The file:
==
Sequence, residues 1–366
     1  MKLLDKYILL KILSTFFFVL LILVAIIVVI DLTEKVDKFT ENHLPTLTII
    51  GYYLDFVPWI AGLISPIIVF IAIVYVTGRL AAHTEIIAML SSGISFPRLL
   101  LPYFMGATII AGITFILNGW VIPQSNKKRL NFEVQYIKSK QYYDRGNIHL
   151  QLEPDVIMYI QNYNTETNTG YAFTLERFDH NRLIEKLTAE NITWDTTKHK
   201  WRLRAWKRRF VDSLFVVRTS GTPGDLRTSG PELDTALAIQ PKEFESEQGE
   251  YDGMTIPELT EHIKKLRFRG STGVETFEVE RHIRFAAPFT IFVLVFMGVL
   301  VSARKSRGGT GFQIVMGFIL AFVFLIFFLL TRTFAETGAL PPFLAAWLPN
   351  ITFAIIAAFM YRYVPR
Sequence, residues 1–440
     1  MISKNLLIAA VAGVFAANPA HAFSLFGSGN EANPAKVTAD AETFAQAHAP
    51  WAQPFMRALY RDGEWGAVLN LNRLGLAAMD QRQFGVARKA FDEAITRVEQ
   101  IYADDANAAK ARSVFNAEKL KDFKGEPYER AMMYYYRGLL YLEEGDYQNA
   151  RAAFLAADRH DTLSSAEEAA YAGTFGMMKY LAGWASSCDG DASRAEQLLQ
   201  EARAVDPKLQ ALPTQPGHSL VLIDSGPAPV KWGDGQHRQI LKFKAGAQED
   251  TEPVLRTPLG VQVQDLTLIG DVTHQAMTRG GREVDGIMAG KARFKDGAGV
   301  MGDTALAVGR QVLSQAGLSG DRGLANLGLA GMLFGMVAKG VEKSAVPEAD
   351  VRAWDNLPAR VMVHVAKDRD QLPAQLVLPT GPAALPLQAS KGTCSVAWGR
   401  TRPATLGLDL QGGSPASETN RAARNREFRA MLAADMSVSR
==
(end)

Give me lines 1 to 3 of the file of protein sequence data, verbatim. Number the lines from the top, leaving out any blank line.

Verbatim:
Sequence, residues 1–366
     1  MKLLDKYILL KILSTFFFVL LILVAIIVVI DLTEKVDKFT ENHLPTLTII
    51  GYYLDFVPWI AGLISPIIVF IAIVYVTGRL AAHTEIIAML SSGISFPRLL